EBayWall Ransomware Virus - How To Remove?
It looks like someone really hates eBay because ransomware called eBayWall was detected last week. Cyber security expert Jakub Kroustek posted it on Twitter.
eBayWall is not your average ransomware virus – it is quite strange and unusual. One of the strangest traits is that it does not ask for the ransom. Instead of that, cyber criminals are blackmailing eBay to get a ransom of 200 000 Monero coins. Monero is a relatively new cryptocurrency (similar to Bitcoins) and at the current exchange rate it is worth about $44 for every Monero coin, so the total amount of 200 000 Monero coins would stack up to $9M.
The philosophy behind this ransomware is to bring attention to the security of eBay platform. Company is making a decent money, yet fails to invest to the security and according to the creator of eBayWall ransomware, the system is vulnerable and not save to use. He dedicated a lot of time and effort to create a message where he explained why you should avoid using eBay. If your computer is infected, a file called ‘ebay-msg.html’ will be stored on your desktop. It contains this message:
Welcome to ebaywall!
Many of your files were locked because of gross negligence.
This is about very weak security… So, to set the stage, quite a bit of back story is necessary:
The internet is extremely large and full of very expensive and very dangerous tools. I am at the internet at least six days a week; I know who is coming and going and what they are working on. When the internet police is not in the way, I unlock certain power tools to give the other users supervised access to what could potentially be very dangerous machinery. I do have a certain level of authority – I can kick people out of the internet, report them for tool-misuse, and effectively prevent them from passing their internet classes.
This story refers to a coder in one of the ebay sites and his monkey:
One night, fairly late, I hear some holes making a noise in the general kijiji.ca area of the internet. I head that way to check it out – the noise sounded like someone was in a big hurry, which is a red flag that they might hurt someone with the tools.
I get there and see a poor, tiny coder sitting on a stool while his monkey fiddles with his project. The coder is supposed to be using PHP code to make a bot blocker. Easy, easy project. I check them out from a distance, see no safety violations as they are just setting up, and return to my own studio to do some work.
Now, bot blockers are fairly safe; the worst thing is that they slightly annoy you. But, bot blockers can also cause undefined behavior and oil can be flung at your face; I have a tiny scar on my forehead from the same project four years ago. At a minimum, I require coders to wear idiot-proof safety gloves while coding bot blockers.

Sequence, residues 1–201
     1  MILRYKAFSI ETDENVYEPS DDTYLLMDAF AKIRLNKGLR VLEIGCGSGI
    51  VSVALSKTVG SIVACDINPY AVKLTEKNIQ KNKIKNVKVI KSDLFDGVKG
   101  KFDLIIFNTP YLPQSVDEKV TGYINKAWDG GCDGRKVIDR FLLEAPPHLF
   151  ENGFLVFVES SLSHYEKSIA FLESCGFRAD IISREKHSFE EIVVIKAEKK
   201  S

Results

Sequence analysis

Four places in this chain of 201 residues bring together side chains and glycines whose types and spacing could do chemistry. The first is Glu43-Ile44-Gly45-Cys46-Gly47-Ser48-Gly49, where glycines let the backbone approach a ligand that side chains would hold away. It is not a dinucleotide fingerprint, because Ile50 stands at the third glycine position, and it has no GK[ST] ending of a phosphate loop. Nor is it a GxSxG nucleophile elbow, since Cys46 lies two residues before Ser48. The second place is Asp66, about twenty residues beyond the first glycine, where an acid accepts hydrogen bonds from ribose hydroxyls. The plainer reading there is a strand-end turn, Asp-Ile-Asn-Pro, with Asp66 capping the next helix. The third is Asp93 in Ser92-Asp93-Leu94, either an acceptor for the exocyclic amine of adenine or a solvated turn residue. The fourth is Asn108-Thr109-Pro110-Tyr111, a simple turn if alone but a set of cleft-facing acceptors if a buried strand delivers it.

After about 5 minutes, I go to check up on them again. The monkey has effectively taken over the coder’s project and is doing it for him. While that is a violation of the professional honesty code, this story concerns the safety violations and the massive butthurt when I told him to fix them. The monkey is coding some thin digits, his code INCHES from the extremely hot spaghetti zone.
Everyone who takes a coding class is given lengthy hacking demonstrations and are required to sign forms to confirm that they understand what is required in order to use the tools. No form – no tools. The poor coder’s monkey technically wasn’t even supposed to use the tools and the coder knew. The poor coder also knew that they were both required to wearing safety gloves.
Despite knowing the rules, some people get miffed when I ask them to do something; after all, I am just another coder and can be younger than the people I’m giving directions to. But I am paid to tell people to be safe. So, request 1 is always very low-key and polite.
“Hey ya’ll, could you please put on your safety gloves? Thanks!” And then I walk out of the room, giving them opportunity to fix the mistake. When I return a few minutes later, the coder – who isn’t even coding – is wearing his safety gloves. The status of the monkey hasn’t changed at all. So, request 2 is little more firm as I walk towards them to indicate that I’m not leaving until he put them on.
“Hi, please put on your safety gloves.”
The monkey looks up at me and says, “Oh, I’m almost done.”
That doesn’t fly. So, I crank up the firm politeness, “Sir, you have to wear safety gloves while coding.”
Then he says, “Well, I don’t have any, I’ll only be a minute.”
Now, I’ve heard this a lot. This is why I have The Bucket. I say cheerfully, “No worries, I have plenty.” Before I turn to retrieve The Bucket of forgotten, stinking, and dirty safety gloves, I reach over and pull the computer’s cord out of the power outlet. While smiling. I can feel the monkey radiating off of his as he give me the side eye.
When I return with The Bucket, I see that he has plugged the computer back in and is back to work. Now, I’m mad. Yes, he is twice my age, but I’m not about to have an idiot endanger others on my watch. The coder’s face is beat-red and I can see his shoulders inching up as he hunches over in embarrassment.